Learning to Appreciate the Humorous Side of Caregiving

Caregiving can be a challenging and stressful profession…but it also has it’s unexpectedly funny moments…when you can learn to appreciate them.

Even in the most stressful situations, professionals in senior care say that laughing can even be helpful for the caregiver, as well as the patient.  “Not only is laughing alright, it’s absolutely necessary,” says Cindy Laverty, a former caregiver who founded The Care Company and The Cindy Laverty talk show.

Laverty had no plans to be a caregiver, but was instead thrust unexpectedly into it, and had to learn how to navigate the complexities and overwhelming responsibilities that come with this profession. The journey helped her discover how she could not only survive, but thrive, in this unfamiliar world. “Finding and holding onto humorous stories can help you keep an upbeat perspective in spite of the challenges of being a caregiver”, she explains.

“We go into caregiving with this big, dark cloud hanging over us because it’s so stressful. When we go in with that attitude, it’s bound to stay that way. When we’re having a horrible day, we must remember that a good day is sure to follow. Even in the midst of those horrible days, there are funny moments that happen. Recognize and appreciate those moments,” Laverty urges.

Laughing with them

Alzheimer’s disease (AD), for example, is an awful condition, and, while there is nothing funny about it, there are funny moments that happen. When you laugh, you’re laughing because the moment is funny, you’re not laughing at the person. “If we don’t follow the whole spectrum of emotion, we get lost in the oppression of a chronic disease,” Laverty explains.

Laughter can actually send a positive message. It can diffuse a potentially difficult or awkward situation, especially those most challenging moments. Laughing is a fantastic way of relieving tension for both the caregiver as well as the person with Alzheimer’s, who is greatly impacted by the tensions and emotions surrounding them.

Laughing instead of crying

Caregiver Carol Bradley Bursack shared a story where she was visiting her friend, whose mother had mid-stage Alzheimer’s.  While she and her friend were chatting, her friend’s mother abruptly stood and said, “You can go now.” Having worked with people for years who had dementia, she didn’t take offense, but simply agreed with her friend’s mother, thanked them for the visit and left.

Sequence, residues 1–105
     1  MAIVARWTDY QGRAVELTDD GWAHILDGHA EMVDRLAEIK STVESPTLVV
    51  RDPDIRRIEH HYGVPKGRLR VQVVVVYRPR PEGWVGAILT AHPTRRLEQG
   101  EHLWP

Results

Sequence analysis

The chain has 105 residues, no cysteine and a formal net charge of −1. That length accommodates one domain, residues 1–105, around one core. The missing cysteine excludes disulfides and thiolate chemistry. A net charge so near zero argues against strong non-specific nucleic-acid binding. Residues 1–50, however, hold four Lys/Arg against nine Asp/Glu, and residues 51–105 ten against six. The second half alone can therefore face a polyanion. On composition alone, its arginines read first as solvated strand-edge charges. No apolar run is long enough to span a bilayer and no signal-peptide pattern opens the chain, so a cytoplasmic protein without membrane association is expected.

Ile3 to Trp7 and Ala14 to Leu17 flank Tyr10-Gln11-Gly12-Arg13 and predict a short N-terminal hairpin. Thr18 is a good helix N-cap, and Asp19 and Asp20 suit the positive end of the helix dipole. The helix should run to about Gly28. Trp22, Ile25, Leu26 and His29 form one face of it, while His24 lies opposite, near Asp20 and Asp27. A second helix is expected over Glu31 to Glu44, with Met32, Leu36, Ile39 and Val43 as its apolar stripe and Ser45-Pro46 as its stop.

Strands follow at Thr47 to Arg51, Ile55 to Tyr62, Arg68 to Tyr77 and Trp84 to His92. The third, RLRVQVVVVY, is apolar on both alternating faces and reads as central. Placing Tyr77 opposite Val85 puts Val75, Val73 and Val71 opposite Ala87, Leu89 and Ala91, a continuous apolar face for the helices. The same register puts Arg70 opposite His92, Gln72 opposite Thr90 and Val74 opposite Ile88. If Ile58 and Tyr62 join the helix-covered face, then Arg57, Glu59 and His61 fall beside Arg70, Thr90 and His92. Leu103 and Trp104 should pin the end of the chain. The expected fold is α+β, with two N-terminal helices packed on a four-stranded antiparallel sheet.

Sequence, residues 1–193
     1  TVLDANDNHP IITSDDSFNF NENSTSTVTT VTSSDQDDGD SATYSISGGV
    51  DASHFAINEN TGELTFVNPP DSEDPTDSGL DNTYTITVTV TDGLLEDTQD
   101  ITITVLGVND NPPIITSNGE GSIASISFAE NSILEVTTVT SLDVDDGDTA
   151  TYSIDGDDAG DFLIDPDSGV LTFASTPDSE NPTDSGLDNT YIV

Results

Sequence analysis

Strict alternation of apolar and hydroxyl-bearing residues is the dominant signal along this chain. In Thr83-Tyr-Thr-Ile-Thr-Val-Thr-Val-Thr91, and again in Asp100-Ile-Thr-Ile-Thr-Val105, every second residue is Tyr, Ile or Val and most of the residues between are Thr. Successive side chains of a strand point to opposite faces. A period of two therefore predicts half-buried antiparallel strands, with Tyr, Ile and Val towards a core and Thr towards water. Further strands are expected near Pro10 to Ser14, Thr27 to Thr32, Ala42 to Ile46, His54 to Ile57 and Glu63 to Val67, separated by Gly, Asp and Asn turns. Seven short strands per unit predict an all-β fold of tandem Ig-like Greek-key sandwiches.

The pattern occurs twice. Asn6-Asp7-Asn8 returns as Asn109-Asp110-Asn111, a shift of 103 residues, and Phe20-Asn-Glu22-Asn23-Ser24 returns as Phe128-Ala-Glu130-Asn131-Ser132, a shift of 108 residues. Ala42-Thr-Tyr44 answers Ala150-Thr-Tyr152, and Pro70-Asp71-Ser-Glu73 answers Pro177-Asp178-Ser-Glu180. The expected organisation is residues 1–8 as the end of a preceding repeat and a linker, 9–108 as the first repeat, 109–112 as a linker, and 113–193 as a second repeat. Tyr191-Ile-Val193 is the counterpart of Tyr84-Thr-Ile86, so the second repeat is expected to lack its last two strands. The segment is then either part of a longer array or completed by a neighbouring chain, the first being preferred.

In another example, Justin Halpern moved in with his 73-year-old father after hitting hard financial times. He soon discovered that, with old age, his father had lost all inhibitions and said whatever was on his mind. Justin describes his dad as “like Socrates, but angrier and with worse hair,” began writing down his father’s rants and posting them to a Twitter account. Now more than a million people follow Halpern’s philosophical musings on Twitter. As a result, Halpern was offered a book deal. In less than three months, the aptly named “Sh*t My Dad Says” made it to the New York Times Bestseller List.

Through it all…

Whether you are a Caregiver by profession, or by circumstance, the responsibility and challenges remain the same. Nobody is arguing that Caregiving can be difficult, challenging, frustrating, and often overwhelming work…but, rather than falling victim to that mindset, it pays to hold onto the hope and knowledge that you are making a positive impact on your patients’ lives.  Humor can help you maintain perspective.

As you go through the day, hold onto the funny moments.  Hold onto the happy moments, the moments of clarity, of joy, of solitude, of peace, and don’t let the tough moments get you down.  When you reflect on your day, try to highlight the funny experiences…if it helps, write it down…you never know, maybe you can be the next NY Times best seller.

And, if you are a caregiver by circumstance, and you want to find out if you have any alternatives, contact us, we would be happy to talk to you, and explore your options with you.

Contact us for a no-cost consultation